Event Details

Title:Pressurization failure, Boeing 737-204ADV, EI-CJG
Micro summary:This Boeing 737-204ADV experienced a pressurization failure in cruise.
Event Time:2002-10-15 at 0650 UTC
File Name:2002-10-15-UK.pdf
Publishing Agency:Aircraft Accident Investigation Board (AAIB)
Publishing Country:United Kingdom
Report number:EW/G2002/10/12
Diversion Airport:London Stansted Airport, Essex, England
Site of event:FL330, Birmingham
Departure:Glasgow Prestwick International Airport, Prestwick, Scotland
Destination:Paris-Beauvais-Tille Airport, Beauvais, France
Airplane Type(s):Boeing 737-204ADV
Flight Phase:Cruise
Type of flight:Revenue
Serious Injuries:0
Other Injuries:0
Diverted to:London Stansted Airport, Essex, England
Executive Summary:The aircraft was on a flight from Prestwick to Beauvais and was level at FL330 in the vicinity of Birmingham when the pressurisation warning horn sounded. The crew observed that the cabin altitude had exceeded 10,000 feet and was continuing to climb at about 400 ft/min. They hoped to be able to control the cabin altitude manually but as a precaution, they asked ATC for clearance to descend, initially to FL250. They then donned their oxygen masks and carried out the checklist procedure. Whilst executing the procedure, it became apparent that the cabin pressure control valve was in the closed position, although the cabin altitude was continuing to climb. Unable to control the cabin altitude, the crew then commenced an emergency descent notifying ATC. ATC then cleared them to FL100 and maintained their separation from other aircraft during the descent

Although the cabin pressure exceeded 10,000 feet, throughout the incident it remained below 14,000 feet: the altitude at which the passenger masks automatically deploy. However, on being called to the flight deck to be briefed on the situation, the senior cabin crew member manually deployed the passenger oxygen masks. This was done in accordance with company standard procedures; whenever they see the pilots wearing their oxygen masks during a decompression, the cabin crew had been trained to deploy the cabin masks manually if they had not deployed automatically.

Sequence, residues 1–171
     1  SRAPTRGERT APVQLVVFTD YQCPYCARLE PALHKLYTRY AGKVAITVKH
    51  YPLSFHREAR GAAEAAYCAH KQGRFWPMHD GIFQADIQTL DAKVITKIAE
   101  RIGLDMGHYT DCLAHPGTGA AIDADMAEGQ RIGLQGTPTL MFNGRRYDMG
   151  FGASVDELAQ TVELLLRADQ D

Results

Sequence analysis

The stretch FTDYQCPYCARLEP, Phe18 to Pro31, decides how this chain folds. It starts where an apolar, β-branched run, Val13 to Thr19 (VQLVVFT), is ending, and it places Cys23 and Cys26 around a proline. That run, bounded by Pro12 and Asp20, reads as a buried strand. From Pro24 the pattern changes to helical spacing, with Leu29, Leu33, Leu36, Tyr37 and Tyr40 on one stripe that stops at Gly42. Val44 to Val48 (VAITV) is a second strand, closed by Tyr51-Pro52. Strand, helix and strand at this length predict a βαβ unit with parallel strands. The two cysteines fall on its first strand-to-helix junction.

During the emergency descent the commander noticed the cabin pressure, now being manually controlled, was descending rapidly at about 2,000 feet per minute and ordered the First Officer to reselect the pressure control to automatic. Having done so the cabin pressure continued to descend but at a more normal rate of between 500 and 700 ft/min. When the aircraft was level at 10,000 feet the crew requested a diversion to Stansted where they carried out an uneventful landing. The emergency services were in attendance, however the only reported problem was with one lady passenger who felt nauseous. After being examined by paramedics she was able to continue her journey that day, along with the other passengers, on another aircraft.
Learning Keywords:Operations - Maintenance
Systems - Pressurization
Close match:Nicotine-induced pressurization failure, McDonnell Douglas MD-82, HB-INW
Pressurization failure, Boeing 737-436, G-DOCE
Explosive decompression on climb, Report on the accident to BAC One-Eleven, G-BJRT over Didcot, Oxfordshire on 10 June 1990
Pressurization failure, Sunjet Aviation, Learjet Model 35, N47BA, Aberdeen, South Dakota, October 25, 1999
Tailcone loss in climb, Air Canada, McDonnell Douglas DC-9-32 (CF-TLU), East Of Boston, Massachusetts, September 17, 1979
Failure of nose gear actuator and loss of pressurization, McDonnell Douglas MD-88, May 13, 2005


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